Students, Faculty Work to Create More Efficient Traffic Lights


Students, Faculty Work to Create More Efficient Traffic Lights
Engineering student Tim Schow speaks about the project at the Engineering Projects Symposium on May 18.

Making a difference in the environment can start with something as small as a light bulb.

Five Cal Poly Pomona engineering students, Tim Schow, Scott Borg, Josh Tomashefsky, Ed Sanders and Nathan Son, are working closely with three faculty members to design more energy-efficient lighting electronics for traffic signals using Light Emitting Diodes (LEDs). The research is being conducted with a $74,000 grant from the California Energy Commission.

Standard light bulbs operate directly from the 120 VAC supply present in homes and in older traffic lights. However, the new LEDs operate on voltages ranging from 2 to 5 volts dc. The research focuses on the electronics that will transform the 120 VAC to the lower voltage and utilize negative feedback to control the voltage.

The project will also serve as the students' senior project, a hands-on culmination of their undergraduate experience.

“While the research is on traffic signals, the results can transfer to other LED uses, like billboards and advertising signs,” said faculty member and grant principal investigator Frank Smith, who is working with co-principal investigators professors Phyllis Nelson and Richard Cockrum of the university's electrical and computer engineering department.

The goal of the project is to develop an energy-efficient way to drive the LED lights. Currently large arrarys of LEDs use series or combination series-parallel circuits. A major problem with this circuit topology is that when only one LED light fails, the entire series string fails. This type of failure could be eliminated with a large series resistor, however, the resistor would consume considerable power resulting in a less efficient system.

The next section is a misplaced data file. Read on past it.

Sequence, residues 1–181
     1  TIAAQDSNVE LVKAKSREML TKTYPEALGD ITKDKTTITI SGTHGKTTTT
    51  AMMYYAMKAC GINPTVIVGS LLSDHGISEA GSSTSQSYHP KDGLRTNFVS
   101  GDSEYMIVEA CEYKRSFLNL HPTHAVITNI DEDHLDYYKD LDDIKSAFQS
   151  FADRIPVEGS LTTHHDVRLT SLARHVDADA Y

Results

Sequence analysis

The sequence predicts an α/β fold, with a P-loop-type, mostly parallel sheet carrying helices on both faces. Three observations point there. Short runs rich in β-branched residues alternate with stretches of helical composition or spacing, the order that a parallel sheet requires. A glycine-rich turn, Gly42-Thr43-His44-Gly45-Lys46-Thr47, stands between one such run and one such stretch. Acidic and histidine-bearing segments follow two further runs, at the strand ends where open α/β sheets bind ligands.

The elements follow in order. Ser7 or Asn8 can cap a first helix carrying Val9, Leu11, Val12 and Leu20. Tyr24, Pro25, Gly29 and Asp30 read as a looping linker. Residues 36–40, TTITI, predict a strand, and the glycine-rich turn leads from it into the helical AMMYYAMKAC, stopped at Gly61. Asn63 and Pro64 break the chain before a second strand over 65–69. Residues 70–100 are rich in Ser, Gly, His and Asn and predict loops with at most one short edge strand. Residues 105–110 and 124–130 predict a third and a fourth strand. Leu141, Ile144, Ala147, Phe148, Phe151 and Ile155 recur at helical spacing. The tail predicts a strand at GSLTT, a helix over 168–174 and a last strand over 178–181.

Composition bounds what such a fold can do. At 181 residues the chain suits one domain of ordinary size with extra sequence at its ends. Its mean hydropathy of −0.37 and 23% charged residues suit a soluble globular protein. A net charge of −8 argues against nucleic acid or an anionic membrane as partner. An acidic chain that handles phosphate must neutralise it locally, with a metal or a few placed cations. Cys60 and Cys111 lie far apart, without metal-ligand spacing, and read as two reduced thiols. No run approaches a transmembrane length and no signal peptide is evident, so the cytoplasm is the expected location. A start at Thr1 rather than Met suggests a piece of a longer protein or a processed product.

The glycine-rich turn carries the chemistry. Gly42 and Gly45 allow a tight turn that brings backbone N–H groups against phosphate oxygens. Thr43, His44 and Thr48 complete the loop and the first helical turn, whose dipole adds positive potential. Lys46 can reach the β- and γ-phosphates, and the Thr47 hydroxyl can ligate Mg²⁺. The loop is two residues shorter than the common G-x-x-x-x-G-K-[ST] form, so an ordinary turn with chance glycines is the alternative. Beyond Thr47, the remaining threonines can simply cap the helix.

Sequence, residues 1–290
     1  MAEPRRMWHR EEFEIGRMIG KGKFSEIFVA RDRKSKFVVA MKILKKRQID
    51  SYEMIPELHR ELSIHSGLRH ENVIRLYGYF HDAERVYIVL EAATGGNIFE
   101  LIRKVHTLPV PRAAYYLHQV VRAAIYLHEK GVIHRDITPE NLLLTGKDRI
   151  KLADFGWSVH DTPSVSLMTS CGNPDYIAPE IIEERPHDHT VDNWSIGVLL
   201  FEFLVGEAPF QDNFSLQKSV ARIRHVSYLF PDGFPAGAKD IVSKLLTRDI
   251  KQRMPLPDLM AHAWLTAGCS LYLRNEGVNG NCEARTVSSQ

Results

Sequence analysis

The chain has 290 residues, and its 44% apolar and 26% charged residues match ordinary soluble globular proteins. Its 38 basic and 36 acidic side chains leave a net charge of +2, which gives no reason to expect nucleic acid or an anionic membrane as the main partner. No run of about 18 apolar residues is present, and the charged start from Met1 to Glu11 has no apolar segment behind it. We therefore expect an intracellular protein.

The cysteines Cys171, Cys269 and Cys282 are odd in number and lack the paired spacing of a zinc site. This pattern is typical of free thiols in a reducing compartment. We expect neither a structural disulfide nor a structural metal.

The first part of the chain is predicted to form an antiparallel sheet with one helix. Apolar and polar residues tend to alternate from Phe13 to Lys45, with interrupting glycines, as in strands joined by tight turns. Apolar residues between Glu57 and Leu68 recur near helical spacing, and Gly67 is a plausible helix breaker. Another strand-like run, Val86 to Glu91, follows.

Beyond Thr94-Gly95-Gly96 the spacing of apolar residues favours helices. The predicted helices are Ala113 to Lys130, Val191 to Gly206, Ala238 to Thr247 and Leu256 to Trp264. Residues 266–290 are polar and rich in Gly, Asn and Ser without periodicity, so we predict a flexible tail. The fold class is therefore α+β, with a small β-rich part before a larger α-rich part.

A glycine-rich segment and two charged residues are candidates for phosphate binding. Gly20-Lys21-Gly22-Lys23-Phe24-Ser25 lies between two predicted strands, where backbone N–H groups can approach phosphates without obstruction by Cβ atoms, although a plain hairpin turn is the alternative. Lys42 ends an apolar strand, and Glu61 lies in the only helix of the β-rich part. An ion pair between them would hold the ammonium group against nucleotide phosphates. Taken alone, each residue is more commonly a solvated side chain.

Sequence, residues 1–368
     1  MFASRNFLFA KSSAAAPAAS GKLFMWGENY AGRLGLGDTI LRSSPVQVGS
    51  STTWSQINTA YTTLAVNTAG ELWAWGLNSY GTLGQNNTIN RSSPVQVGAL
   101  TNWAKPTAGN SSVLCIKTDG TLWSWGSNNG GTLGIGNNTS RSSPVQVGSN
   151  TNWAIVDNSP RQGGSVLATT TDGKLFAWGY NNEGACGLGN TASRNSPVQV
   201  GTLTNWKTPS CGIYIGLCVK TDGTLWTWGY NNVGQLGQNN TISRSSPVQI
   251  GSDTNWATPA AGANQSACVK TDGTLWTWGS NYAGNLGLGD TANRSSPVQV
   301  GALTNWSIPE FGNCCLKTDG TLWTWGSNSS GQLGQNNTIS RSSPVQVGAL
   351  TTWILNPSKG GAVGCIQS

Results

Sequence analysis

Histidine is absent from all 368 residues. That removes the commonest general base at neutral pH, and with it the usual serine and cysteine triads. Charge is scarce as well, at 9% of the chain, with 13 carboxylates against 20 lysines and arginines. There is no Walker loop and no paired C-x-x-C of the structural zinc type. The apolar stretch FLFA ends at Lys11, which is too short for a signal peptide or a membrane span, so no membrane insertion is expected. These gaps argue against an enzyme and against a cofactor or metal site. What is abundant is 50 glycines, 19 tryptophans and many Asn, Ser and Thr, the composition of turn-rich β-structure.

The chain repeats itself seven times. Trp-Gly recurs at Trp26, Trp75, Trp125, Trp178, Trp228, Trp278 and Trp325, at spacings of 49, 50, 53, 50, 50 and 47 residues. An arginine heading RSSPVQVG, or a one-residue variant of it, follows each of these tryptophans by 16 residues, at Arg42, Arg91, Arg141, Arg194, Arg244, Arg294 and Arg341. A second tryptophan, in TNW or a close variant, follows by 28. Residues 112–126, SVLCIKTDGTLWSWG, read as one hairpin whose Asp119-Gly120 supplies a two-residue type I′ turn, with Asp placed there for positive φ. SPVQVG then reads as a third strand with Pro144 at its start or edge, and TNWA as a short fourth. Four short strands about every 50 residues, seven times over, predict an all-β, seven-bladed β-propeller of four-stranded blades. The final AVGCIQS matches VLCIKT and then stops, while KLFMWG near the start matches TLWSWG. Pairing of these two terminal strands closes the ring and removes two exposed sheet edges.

The students and faculty hope to make the lighting system more efficient by not wasting energy though heat. Feedback control of the energy source is crucial to the success of the research. You might not know that a typical traffic light using an incandescent lamp consumes 170 W of power but an LED traffic light only consumes approximately 12 watts. The research will attempt to reduce the power consumption to less than 10 W.  

“Most lights use half of their energy on just heat,” Borg said. “We want to generate less heat and use that energy to power the light. The trick is to do that while making sure the LED doesn't overheat.”

Research on the project will be completed by Aug. 31. Manufacturers of traffic lights and advertising signs will have free access to the designs developed under the grant by accessing the research results, which will be posted on the California Energy Commission's Web site.